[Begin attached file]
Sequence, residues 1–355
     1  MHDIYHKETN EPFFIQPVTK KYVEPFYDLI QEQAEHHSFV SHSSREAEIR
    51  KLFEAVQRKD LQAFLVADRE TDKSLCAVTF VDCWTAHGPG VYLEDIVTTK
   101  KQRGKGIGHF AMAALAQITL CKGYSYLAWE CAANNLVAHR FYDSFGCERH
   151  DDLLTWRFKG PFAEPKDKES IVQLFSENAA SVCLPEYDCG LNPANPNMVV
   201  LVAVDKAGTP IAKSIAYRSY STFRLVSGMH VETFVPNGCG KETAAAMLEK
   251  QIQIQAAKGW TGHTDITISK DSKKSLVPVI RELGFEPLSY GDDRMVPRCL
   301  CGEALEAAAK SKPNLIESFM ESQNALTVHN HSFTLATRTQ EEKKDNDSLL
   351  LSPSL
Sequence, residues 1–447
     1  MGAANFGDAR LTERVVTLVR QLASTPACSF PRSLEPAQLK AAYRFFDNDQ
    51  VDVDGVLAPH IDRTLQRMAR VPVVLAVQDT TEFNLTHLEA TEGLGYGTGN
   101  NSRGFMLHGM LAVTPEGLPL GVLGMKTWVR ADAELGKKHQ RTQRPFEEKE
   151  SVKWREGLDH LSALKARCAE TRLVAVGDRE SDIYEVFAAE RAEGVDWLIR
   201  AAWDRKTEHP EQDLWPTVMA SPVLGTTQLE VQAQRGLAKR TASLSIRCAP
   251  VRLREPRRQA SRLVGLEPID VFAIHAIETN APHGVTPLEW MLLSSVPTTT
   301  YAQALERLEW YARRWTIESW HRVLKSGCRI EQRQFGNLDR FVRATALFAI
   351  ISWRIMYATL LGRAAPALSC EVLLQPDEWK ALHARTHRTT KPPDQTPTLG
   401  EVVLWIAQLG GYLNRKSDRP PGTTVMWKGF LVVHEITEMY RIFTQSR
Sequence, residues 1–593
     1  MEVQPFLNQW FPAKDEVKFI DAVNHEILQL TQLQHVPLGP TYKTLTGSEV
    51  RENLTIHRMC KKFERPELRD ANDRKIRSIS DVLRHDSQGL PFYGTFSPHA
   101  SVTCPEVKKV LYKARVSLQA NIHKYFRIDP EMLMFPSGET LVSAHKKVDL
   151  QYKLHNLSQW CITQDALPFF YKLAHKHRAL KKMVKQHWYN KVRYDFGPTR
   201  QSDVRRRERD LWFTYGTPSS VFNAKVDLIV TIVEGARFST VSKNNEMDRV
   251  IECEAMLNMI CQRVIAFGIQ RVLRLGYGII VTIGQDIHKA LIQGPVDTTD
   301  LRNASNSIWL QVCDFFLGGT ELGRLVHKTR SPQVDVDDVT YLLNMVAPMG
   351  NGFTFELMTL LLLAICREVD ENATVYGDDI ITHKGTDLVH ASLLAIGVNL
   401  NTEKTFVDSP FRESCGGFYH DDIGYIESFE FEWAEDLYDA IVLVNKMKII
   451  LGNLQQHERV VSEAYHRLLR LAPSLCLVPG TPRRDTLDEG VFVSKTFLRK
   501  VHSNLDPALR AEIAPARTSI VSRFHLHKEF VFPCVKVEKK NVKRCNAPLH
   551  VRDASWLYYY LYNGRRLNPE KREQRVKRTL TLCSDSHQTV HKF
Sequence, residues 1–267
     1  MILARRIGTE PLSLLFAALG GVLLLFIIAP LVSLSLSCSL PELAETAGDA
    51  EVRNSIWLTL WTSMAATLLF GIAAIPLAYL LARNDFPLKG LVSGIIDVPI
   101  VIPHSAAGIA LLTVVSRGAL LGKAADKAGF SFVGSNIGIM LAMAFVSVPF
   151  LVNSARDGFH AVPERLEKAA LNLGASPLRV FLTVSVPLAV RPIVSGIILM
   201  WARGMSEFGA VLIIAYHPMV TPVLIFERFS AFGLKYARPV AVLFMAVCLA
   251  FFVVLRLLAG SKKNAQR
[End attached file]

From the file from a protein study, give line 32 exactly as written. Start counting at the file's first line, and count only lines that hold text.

   551  VRDASWLYYY LYNGRRLNPE KREQRVKRTL TLCSDSHQTV HKF